Document 10: J. Louis Engdahl, "Kate O'Hare Reveals Medieval Jail Horrors," New York Call, 1 June 1920, p. 2.
This article from the New York Call, New York's daily Socialist newspaper, vividly described abuses by the foreman, prison matron, and overseer that O'Hare's censored prison letters could not reveal, as well as details of the "blind cell." In contrast to the coverage of O'Hare's release in the mainstream press, Socialist newspapers placed a great emphasis on O'Hare's new commitment to prison reform and graphically described the prison conditions she had endured. This article clearly documents the tremendous impact of prison on O'Hare.
Kate O'Hare Reveals
Medieval Jail Horrors________________
Ex-"Convict" Tells of Brutal Autocrats of the
Penitentiary, the Crippled Minds and the
Wrecked Lives of Her Companions in "Jail
School for Crime."_______________
By J. LOUIS ENGDAHL.
ST. LOUIS, Mo., May 31.--There was a high-power sewing machine with no one to drive it over in the back left-hand corner of the overall factory in the women's prison of the Missouri state penitentiary today.
The fact that today had been set aside by the national government for the celebration of Memorial Day did not mean that the unfortunate women, who last Saturday numbered Kate O'Hare among them, had a holiday. Memorial Day was not made for women convicts.
This year, as last, when Kate O'Hare toiled at her machine all day on Memorial Day, the convict women were lashed to their task.
At 6 o'clock in the morning they begin; toil until 11:45; 45 minutes for lunch; then from 12:30 to 4 o'clock; no talking, no resting, just work, work, work; for the state of Missouri and the United States government must have the overalls to sell at a profit to the Overman Overall Company.
Brutal Taskmaster Cowed.
The taskmaster in this shop is a mere stripling of a youth, Herbert Forck, now 21 years of age. He came into the shop at the age of 17, and with complete power over the lives of those unhappy women he was not long in developing the tyranny of a Simon Legree.
Only during the past year, when he came over toward the part of the shop where Kate Richards O'Hare toiled, did he soften his course and brutal language. But one day Kate O'Hare, when returning to her work bench from getting a drink of water, protested to the shop matron against the vile epithets this youthful brute used in addressing a colored girl convict.
"But he's a perfect gentlemen," protested this shop matron, an elderly woman, Anna Ganther, whose belated romance consists of an erotic infatuation for her young assistant in prison slave driving. Between the two, the women in chains suffer the tortures of the damned.
One day one of the colored girls started for the brutal overseer with a pair of long shears. Kate O'Hare stepped between just in time to prevent a killing.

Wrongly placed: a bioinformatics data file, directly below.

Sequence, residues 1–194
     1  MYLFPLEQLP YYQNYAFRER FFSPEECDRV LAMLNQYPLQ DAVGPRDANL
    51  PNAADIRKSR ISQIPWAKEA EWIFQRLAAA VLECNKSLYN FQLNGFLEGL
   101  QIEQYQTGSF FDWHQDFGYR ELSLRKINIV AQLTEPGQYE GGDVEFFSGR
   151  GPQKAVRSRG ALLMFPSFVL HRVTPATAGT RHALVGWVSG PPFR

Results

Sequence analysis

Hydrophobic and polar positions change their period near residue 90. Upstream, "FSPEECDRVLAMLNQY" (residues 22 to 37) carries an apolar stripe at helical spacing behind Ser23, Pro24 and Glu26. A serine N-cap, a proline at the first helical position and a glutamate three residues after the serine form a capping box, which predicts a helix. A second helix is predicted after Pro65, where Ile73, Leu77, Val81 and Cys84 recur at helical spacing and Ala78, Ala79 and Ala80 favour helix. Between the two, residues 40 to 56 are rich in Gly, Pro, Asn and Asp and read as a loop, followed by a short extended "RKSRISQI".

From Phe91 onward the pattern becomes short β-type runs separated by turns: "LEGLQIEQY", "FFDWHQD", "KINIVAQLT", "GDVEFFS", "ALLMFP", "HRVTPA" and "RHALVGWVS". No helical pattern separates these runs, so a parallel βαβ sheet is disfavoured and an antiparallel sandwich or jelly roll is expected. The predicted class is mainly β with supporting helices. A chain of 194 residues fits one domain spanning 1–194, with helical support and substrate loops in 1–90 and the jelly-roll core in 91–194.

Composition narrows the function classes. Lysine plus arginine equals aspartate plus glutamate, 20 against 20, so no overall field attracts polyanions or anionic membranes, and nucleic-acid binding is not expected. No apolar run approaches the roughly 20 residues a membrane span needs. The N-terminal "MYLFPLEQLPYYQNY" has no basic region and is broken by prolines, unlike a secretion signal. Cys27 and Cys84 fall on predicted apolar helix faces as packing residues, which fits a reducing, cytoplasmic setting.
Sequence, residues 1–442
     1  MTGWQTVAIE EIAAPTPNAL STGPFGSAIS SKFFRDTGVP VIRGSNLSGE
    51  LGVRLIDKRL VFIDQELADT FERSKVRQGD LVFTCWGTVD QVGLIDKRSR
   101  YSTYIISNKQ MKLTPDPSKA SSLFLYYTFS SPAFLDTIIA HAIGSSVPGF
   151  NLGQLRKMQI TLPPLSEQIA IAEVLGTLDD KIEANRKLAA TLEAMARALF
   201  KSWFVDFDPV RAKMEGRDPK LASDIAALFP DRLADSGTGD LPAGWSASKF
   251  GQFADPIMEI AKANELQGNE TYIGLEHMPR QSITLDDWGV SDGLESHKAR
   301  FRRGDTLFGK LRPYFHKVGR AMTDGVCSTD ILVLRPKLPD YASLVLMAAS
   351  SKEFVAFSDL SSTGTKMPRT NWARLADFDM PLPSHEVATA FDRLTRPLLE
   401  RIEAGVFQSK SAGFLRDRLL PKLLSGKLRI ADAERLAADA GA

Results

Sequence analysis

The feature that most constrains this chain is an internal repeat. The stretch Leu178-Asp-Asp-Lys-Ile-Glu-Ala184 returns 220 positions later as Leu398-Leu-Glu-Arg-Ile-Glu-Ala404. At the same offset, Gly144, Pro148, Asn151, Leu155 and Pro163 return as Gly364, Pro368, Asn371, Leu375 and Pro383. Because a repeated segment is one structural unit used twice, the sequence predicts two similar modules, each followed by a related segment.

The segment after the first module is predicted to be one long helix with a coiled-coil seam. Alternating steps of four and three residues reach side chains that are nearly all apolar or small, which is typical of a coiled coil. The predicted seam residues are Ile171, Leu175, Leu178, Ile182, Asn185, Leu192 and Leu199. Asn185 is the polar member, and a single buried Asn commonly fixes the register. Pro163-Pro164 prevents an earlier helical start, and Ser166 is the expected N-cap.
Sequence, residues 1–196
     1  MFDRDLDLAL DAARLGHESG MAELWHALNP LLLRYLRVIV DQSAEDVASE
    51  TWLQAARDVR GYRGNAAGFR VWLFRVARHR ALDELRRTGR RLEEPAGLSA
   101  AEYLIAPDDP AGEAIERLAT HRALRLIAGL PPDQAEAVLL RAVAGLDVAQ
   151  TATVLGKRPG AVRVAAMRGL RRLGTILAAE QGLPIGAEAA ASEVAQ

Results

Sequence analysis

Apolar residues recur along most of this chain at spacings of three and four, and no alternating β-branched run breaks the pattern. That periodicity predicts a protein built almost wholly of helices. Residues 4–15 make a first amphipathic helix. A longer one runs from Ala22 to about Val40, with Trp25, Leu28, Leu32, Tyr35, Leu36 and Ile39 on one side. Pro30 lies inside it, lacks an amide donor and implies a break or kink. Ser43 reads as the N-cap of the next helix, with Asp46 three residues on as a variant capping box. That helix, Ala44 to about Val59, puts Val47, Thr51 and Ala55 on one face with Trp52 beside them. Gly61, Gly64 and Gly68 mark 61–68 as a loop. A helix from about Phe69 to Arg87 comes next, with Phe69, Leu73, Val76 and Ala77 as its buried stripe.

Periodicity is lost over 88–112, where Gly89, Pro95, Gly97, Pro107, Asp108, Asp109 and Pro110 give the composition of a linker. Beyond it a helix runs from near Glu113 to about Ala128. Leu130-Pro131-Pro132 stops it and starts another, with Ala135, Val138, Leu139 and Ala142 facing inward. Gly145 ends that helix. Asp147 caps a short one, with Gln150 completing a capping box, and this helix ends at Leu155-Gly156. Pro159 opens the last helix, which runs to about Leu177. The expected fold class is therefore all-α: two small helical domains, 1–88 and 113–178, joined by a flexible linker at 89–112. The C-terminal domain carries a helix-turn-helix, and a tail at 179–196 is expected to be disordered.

A Prison Autocrat.
If the shop has its Herbert Forck and its Anna Ganther, than the call house has its "Addie" Brown, sent up for 15 years for murdering her man in St. Louis. She has already served two years.
"Addie" is the overseer, having the women at her brutal mercy when they are not in the shop. She missed getting a pardon some time ago when her pal was freed. Without hope of getting her liberty, she becomes increasingly bitter. Kate O'Hare, at times, was able to keep her temper in leash, but now this restraint is gone.
She has the tobacco concession, charging the girls $2 a bag for tobacco that sells for 10 cents; 50 cents for a package of papers, and matches at three for 10 cents. There is no other way that the women are allowed to get tobacco, and three-fourths of the punishment that is meted out to the women is for seeking to smuggle the "makings" into the prison.
"Addie" has another source of income in the revolting so-called sexual relations that she is able, through her power, to force even the white girls to enter into with their black sister victims of perversion. The privilege of two girls in a cell is one that can easily be bought from this agent of the United States Government in the handling of its so-called criminals.
Women Convict's Life but 2 Years.
When Kate Richards O'Hare was taken to her cell last summer, prostrated with the heat at 2 o'clock in the afternoon, "Addie" refused even to get her a drink of water. Kate O'Hare had to lie helpless in her cell until Emma Goldman came in from the shop at 6:30 o'clock and brought her a cooling drink.
Two years is the estimated life of a woman convict, and the work demanded in the prison factory is based on this estimate.
When they are in for long terms like "Addie," they are used for 18 months or less in the shop and then transferred to lighter work. "Addie" holds down her job because, in addition to her other qualities, she makes a good stool pigeon, informing on the women under her direction.